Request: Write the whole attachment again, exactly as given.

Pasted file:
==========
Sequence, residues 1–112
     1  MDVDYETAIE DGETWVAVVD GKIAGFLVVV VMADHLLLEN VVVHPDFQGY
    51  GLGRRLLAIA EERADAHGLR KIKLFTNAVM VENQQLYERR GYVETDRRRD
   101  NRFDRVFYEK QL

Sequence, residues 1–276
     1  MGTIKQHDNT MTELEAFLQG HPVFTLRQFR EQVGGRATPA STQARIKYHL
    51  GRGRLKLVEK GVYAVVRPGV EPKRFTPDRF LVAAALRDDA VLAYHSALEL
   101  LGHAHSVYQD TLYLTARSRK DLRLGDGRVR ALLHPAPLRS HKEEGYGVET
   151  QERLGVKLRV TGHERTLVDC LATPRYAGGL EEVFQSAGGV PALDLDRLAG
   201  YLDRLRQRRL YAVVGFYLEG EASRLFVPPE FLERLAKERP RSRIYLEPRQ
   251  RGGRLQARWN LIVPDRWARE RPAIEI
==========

Sequence, residues 1–112
     1  MDVDYETAIE DGETWVAVVD GKIAGFLVVV VMADHLLLEN VVVHPDFQGY
    51  GLGRRLLAIA EERADAHGLR KIKLFTNAVM VENQQLYERR GYVETDRRRD
   101  NRFDRVFYEK QL

Sequence, residues 1–276
     1  MGTIKQHDNT MTELEAFLQG HPVFTLRQFR EQVGGRATPA STQARIKYHL
    51  GRGRLKLVEK GVYAVVRPGV EPKRFTPDRF LVAAALRDDA VLAYHSALEL
   101  LGHAHSVYQD TLYLTARSRK DLRLGDGRVR ALLHPAPLRS HKEEGYGVET
   151  QERLGVKLRV TGHERTLVDC LATPRYAGGL EEVFQSAGGV PALDLDRLAG
   201  YLDRLRQRRL YAVVGFYLEG EASRLFVPPE FLERLAKERP RSRIYLEPRQ
   251  RGGRLQARWN LIVPDRWARE RPAIEI